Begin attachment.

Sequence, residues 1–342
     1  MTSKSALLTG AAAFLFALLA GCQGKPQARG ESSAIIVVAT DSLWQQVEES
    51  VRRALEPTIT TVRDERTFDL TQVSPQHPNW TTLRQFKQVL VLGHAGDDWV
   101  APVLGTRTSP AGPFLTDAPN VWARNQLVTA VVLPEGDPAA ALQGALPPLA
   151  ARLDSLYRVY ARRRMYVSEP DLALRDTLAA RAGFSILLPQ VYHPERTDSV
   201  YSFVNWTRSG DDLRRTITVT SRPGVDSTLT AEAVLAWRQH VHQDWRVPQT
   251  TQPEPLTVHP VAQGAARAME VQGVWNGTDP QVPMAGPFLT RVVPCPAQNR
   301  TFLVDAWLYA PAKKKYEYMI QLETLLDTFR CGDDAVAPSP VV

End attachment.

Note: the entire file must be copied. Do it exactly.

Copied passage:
Sequence, residues 1–342
     1  MTSKSALLTG AAAFLFALLA GCQGKPQARG ESSAIIVVAT DSLWQQVEES
    51  VRRALEPTIT TVRDERTFDL TQVSPQHPNW TTLRQFKQVL VLGHAGDDWV
   101  APVLGTRTSP AGPFLTDAPN VWARNQLVTA VVLPEGDPAA ALQGALPPLA
   151  ARLDSLYRVY ARRRMYVSEP DLALRDTLAA RAGFSILLPQ VYHPERTDSV
   201  YSFVNWTRSG DDLRRTITVT SRPGVDSTLT AEAVLAWRQH VHQDWRVPQT
   251  TQPEPLTVHP VAQGAARAME VQGVWNGTDP QVPMAGPFLT RVVPCPAQNR
   301  TFLVDAWLYA PAKKKYEYMI QLETLLDTFR CGDDAVAPSP VV